First Minister hits out at Labour's claim her government 'wasted' £40m on Rangers case
The First Minster has defended her government’s spending record against accusations from Scottish Labour that it has wasted £3bn of public money since coming to power.
During First Minister’s Questions, Labour leader Anas Sarwar said the government had “wasted” sums including £152m on the controversial Ferguson Marine ferry contract, £146m “fixing mistakes” made during the construction of new hospitals in Edinburgh and Glasgow and almost a billion pounds on agency workers for the health service.
He added that the money, which he said equated to £1,200 for every household in Scotland, had been lost to “SNP incompetence”.
In refuting the claims, Nicola Sturgeon said that “what Anas Sarwar failed to mention is that this government has had 15 years’ of unqualified accounts – that is the reality in terms of our stewardship of the public finances”.
She took particular issue with Sarwar’s claim that the government had wasted close to £40m pursuing a “malicious” prosecution against the administrators of Rangers Football Club.
Last year the Crown Office and Procurator Fiscal Service confirmed that the taxpayer had paid £24m to David Whitehouse and Paul Clark to settle a claim for wrongful prosecution that came as part of a wider fraud investigation into the collapse of the club.
A judge-led inquiry into the matter was ordered soon after and in December Scottish Government accounts showed that by March last year the total cost of the litigation had reached £39.92m.
In a heated exchange, Sturgeon said it was incorrect for Sarwar to accuse the government of wasting that money because “he is talking about prosecution” and that prosecution decisions are “matters for the independent Crown Office”.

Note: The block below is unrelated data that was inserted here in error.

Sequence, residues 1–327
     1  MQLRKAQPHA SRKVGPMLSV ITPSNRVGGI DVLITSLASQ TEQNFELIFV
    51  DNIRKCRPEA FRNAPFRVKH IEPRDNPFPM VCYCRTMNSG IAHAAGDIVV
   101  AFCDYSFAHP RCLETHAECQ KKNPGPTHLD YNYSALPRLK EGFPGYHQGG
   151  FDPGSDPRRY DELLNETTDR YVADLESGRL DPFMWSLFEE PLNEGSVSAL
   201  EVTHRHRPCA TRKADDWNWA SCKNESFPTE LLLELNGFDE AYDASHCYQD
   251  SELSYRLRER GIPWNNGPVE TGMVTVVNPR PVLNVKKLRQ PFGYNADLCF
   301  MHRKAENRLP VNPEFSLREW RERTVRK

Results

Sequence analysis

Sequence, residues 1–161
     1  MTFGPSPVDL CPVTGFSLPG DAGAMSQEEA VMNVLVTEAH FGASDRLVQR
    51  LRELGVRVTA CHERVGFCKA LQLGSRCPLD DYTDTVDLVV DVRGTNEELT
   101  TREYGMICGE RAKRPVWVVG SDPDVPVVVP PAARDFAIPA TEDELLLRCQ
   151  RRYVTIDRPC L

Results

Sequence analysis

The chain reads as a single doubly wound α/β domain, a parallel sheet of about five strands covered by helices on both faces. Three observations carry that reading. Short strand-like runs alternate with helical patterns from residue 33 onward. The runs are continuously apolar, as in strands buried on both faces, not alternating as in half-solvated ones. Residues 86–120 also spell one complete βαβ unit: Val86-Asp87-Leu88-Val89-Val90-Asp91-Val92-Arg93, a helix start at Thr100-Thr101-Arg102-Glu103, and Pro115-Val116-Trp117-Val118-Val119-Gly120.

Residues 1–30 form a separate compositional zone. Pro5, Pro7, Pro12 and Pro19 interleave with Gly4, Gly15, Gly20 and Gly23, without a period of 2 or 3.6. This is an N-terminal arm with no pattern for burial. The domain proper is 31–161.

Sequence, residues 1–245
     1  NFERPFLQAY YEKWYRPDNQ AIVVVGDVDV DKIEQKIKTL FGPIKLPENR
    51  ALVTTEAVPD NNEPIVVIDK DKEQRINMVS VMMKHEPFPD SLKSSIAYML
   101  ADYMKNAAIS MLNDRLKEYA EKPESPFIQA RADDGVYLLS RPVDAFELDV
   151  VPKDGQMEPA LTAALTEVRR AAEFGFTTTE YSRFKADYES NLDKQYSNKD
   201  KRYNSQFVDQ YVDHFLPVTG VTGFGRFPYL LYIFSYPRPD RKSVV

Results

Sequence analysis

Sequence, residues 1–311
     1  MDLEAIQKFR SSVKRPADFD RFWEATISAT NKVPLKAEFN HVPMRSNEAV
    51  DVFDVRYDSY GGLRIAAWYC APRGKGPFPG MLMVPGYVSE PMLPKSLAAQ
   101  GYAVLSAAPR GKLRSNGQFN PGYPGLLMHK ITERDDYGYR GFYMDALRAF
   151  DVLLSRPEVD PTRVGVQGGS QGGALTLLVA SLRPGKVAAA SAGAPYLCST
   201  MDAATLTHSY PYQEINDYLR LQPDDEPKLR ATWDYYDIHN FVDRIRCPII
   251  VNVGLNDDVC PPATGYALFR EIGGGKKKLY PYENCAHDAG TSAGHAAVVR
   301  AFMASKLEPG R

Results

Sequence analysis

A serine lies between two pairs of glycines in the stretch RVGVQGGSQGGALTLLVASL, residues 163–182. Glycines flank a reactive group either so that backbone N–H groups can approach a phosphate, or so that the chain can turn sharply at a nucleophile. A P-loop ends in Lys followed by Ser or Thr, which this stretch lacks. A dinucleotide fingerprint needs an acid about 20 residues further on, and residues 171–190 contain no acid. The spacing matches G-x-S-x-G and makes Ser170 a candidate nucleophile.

“Is Anas Sarwar seriously saying that I as First Minister, or any minister of this government, should have interfered in the independent prosecution decisions of the Crown Office?,” she said.
Sarwar responded by repeating that the government had wasted £3bn of taxpayers’ money and questioned whether that was reasonable when, he said, mothers are going without food in order to feed their children amid the ongoing cost-of-living crisis and families are having to reject food offered at food banks because they have no means of cooking it.
However, Sturgeon returned to his claim about the Rangers case, noting that it is “actually a serious constitutional question”.
“If he thinks that is something that I could have influenced then is he saying that ministers should have been involved in influencing independent prosecution decisions or intervened in any way in that?,” she said.
The First Minister also said the costs relating to hospitals were “planned costs, which were in no way new, unexpected or avoidable”. Of the total quoted, she said £80m related to preparatory work that was separate to the main hospital contract but was budgeted for and included in the main business case.
In terms of the cost of living, Sturgeon said that “powers over energy and the cost of petrol are still reserved to Westminster and if he wants to change that then he should argue for those powers to come here”.